Scientists Study Earthquake Early Warning System - KTVN Channel 2 - Reno Tahoe Sparks News, Weather, Video

Scientists Study Earthquake Early Warning System

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Japan, Mexico, and Romania already have early warning systems in place, for earthquakes. Scientists at the University of California-Berkeley are testing a prototype, that eventually could be used, here in Nevada.

Yesterday's magnitude 6.0 earthquake, in Napa, sounded an alarm at UC-Berkeley, ten seconds before the shockwaves were felt there. That time is even greater, the farther you are away from the epicenter. Experts say that time is precious, especially in densely populated cities, like San Francisco.

"If you're sitting on Market or Mission and you have that 30 seconds on your iPhone, for example, who wouldn't want that?" Graham Kent, Director of the Nevada Seismology Laboratory said.

Kent says a magnitude 9.2 earthquake in Vancouver Island would be felt, here in reno.   He says this technology could give us a three to four minute warning before the shockwaves hit.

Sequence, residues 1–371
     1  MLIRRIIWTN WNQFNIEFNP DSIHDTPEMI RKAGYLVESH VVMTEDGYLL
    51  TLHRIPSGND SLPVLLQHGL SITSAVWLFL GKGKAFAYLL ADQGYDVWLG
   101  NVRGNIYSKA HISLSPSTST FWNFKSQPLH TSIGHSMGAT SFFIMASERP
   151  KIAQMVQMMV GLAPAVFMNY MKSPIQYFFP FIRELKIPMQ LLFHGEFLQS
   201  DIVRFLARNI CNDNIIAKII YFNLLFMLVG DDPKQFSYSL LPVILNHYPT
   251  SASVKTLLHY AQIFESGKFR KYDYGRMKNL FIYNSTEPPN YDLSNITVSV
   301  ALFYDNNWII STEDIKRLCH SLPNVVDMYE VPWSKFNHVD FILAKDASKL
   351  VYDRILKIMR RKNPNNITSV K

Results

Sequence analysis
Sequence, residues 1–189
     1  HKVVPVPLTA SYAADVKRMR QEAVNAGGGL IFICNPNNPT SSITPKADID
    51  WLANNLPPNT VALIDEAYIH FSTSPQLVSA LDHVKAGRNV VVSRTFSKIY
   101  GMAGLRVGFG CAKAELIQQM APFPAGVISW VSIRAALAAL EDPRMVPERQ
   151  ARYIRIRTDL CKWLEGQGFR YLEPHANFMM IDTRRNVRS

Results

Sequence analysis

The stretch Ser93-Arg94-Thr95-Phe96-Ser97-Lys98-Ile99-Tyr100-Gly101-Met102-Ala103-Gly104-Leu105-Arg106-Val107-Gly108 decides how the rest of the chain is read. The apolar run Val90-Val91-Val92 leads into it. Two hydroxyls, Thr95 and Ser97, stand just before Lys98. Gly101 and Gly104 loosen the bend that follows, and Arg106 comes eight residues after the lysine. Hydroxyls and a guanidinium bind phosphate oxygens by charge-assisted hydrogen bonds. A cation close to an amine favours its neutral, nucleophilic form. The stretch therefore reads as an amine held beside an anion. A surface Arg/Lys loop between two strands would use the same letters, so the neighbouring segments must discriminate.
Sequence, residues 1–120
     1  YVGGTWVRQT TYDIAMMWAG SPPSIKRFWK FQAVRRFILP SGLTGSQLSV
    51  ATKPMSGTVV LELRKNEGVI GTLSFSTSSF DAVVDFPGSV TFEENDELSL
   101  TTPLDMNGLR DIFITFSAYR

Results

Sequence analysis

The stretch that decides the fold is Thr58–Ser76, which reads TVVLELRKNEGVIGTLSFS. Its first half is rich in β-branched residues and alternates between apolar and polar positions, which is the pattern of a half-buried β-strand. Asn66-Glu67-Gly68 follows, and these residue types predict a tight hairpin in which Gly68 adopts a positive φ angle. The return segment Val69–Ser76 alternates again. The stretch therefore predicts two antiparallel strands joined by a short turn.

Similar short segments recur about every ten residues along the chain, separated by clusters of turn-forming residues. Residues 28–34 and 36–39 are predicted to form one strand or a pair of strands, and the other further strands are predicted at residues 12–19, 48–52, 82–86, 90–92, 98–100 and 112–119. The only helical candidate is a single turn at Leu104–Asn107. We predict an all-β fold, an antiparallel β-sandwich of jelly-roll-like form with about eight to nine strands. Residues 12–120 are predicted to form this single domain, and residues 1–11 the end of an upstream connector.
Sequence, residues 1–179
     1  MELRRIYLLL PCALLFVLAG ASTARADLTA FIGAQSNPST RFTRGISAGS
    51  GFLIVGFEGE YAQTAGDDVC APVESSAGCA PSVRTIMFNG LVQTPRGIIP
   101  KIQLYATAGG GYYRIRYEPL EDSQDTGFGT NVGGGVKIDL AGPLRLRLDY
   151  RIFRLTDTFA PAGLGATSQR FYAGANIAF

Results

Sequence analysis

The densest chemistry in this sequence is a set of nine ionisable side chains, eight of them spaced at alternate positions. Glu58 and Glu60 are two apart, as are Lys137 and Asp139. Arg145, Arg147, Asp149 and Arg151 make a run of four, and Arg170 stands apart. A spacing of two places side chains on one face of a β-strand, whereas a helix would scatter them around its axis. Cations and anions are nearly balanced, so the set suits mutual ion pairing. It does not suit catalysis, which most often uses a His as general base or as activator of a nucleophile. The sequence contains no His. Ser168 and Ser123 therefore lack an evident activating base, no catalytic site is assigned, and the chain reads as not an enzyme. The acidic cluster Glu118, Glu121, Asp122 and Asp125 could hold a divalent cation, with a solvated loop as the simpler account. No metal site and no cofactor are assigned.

"Our communications system can bring back the data from the seismometers via microwave, which is the speed of light, which can go to the moon and back in a second, vs. a seismic wave, which takes some time to travel," Kent said.

Nevada's last magnitude 6.0 earthquake happened in Wells, in 2008. Kent says one is bound to happen in the Truckee Meadows.

"This type of event is very possible," Kent said. "Not only possible, it will happen. It's just a matter of the date and time."

11,000 earthquakes are reported in Nevada every year. A magnitude 6.0 is expected once a decade, and a magnitude 7.0 happens about every 30 years.  Getting an early warning system for those would require a higher density of instruments, and the IT system.

"One of the next steps, obviously, is getting that into an app and learning to push that information out to 50 million users," Kent said. 

Kent says an early warning system costs about $200 million and the only reason it's not already in place is because of funding.  He says getting a system up and running would likely take about ten years.

 Written by Paul Nelson

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